When I was in school, I used to love vacations (of course, who didn't?). I used to count down the days until I was finally free. I would dream about the endless swaths of time I would have once vacation arrived, all those hours doing nothing. I couldn't wait until these breaks, mostly because I worked really hard in school and I needed the space to relax and recoup.
As a freelance writer, though, I don't take too kindly to my downtimes, those stretches of indeterminate time between projects. These "vacations" leave me unsettled and anxious, but I know it's because I never quite know when they'll be over. - Once I finish a project, I wonder when my next job is going to come, how I can network, with whom, and is it time to pay the rent already?
Peraps its not even the anxiousness so much as it is an increased sense of loneliness & isolation, a heightened fear and impatience around work and - in general - the big questions about productivity, financial independence, & success. So it's no wonder that during these downtimes (like now), when I've met my deadlines and completed my various projects, that I feel the need to keep myself occupied and fulfilled with "personal" work, whether it's the stuff that's been on my to-do list for awhile or some new idea I want to brainstorm into fruition.
The thing is, I'm not even that excited to do what - for all intents and purposes - should be a fun and stimulating slew of projects. It's like I don't quite know what to do with myself without having my nose to the grindstone. I feel at a loss for words even, feel my own brain turn to mush, and am in the midst of a kind aimlessness that feels weighty, bulging, unnseemly. It's like having a picture taken at your worst possible angle.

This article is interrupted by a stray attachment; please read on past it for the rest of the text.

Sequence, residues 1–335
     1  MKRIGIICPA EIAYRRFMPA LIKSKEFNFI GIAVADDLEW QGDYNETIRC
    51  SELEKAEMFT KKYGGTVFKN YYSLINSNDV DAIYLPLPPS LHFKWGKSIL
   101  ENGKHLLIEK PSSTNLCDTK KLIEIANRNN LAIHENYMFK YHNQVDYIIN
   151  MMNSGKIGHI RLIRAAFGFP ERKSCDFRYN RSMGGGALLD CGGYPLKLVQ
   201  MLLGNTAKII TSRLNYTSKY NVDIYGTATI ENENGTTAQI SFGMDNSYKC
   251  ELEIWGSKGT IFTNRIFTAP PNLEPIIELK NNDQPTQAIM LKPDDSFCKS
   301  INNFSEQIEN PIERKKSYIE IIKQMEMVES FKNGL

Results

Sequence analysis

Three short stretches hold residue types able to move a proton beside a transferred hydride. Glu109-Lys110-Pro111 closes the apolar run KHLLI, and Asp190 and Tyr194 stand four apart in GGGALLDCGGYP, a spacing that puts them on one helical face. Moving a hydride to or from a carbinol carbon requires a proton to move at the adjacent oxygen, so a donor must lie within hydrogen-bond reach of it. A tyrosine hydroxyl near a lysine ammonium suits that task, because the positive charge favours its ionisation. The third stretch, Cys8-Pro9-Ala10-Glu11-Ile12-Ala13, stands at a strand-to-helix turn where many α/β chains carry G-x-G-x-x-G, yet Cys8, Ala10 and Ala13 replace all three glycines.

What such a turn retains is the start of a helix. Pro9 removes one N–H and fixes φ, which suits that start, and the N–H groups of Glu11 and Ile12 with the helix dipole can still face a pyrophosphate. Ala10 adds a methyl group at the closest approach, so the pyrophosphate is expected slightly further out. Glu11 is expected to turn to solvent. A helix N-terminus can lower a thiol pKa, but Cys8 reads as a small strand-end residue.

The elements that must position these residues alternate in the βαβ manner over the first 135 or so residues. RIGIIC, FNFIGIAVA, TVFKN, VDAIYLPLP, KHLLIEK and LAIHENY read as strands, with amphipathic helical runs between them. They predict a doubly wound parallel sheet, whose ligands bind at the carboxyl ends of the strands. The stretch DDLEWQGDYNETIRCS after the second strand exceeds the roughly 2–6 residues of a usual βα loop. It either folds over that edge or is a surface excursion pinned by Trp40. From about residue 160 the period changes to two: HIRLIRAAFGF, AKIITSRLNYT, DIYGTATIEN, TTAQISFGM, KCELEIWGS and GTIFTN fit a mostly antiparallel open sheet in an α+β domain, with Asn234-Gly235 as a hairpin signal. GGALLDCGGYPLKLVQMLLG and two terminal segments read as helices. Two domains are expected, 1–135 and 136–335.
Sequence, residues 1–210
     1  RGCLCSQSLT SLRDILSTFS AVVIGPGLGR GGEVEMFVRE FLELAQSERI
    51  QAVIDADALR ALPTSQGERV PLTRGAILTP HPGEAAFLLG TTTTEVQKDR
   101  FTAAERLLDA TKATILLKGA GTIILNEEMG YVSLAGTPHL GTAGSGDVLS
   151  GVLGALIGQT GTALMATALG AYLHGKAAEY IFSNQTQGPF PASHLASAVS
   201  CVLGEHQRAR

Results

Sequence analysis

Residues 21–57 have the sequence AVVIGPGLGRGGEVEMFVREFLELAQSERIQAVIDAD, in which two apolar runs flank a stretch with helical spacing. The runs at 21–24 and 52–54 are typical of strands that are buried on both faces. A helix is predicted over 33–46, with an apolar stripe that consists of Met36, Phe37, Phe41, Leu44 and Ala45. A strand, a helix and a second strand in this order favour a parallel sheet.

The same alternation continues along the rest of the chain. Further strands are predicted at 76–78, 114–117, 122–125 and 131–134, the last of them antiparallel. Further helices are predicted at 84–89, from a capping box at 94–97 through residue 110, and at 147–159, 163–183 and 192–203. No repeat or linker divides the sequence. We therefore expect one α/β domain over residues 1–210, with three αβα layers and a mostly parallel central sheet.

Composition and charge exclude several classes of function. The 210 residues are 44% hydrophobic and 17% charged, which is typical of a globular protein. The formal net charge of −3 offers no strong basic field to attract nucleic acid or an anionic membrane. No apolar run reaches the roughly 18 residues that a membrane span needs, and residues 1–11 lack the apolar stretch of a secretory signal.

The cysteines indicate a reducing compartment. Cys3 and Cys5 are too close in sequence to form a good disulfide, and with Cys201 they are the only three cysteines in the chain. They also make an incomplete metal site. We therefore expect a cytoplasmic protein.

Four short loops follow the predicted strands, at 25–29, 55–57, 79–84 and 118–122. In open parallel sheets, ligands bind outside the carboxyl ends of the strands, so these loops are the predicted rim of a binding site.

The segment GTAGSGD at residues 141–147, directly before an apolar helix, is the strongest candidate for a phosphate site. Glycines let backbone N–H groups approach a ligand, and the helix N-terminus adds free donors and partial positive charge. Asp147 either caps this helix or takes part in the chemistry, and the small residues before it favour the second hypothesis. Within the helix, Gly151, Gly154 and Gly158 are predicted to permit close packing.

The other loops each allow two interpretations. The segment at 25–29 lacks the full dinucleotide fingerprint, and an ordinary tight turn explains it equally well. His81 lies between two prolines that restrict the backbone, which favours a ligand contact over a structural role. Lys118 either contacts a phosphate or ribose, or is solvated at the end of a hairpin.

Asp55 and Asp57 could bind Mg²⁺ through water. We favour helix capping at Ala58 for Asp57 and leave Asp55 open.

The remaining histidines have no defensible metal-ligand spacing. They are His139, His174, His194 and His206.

And so, December.
A kind of quiet is heralding the end of the year and again, I am challenged by this stretch of a relatively blank calendar before me and once again, look at my to-do list, investigate project ideas, and basically think up of ways to occupy myself until the next client comes knocking.
Of course, at the heart of it, I know I should be kind to myself. Take it easy. Rest. Eat well. Take long walks without worrying about having to get back to a pending deadline. This is the time to be paying attention to uncalendered moments, sliding into the couch with a book and a cup of tea, letting the weather outside turn grey and cold and staying put when it gets dark. This is the time for a kind of turning in, a re-acquaintance with the part of myself that needs to start things over again every so often, that needs a blank slate, silence, stretching.
And as strange as it seems (and oppositional to what my inner judge would like me to do), I am going to try to put it all down. I'm going to try and rest. Let my arms go. Let the pen drop. Give my feet a place to relax. Give my brain a break. And instead, listen to my little nephew as he babbles and burbles his way through an afternoon. Maybe if I bend close enough, I'll be able to understand what he's saying.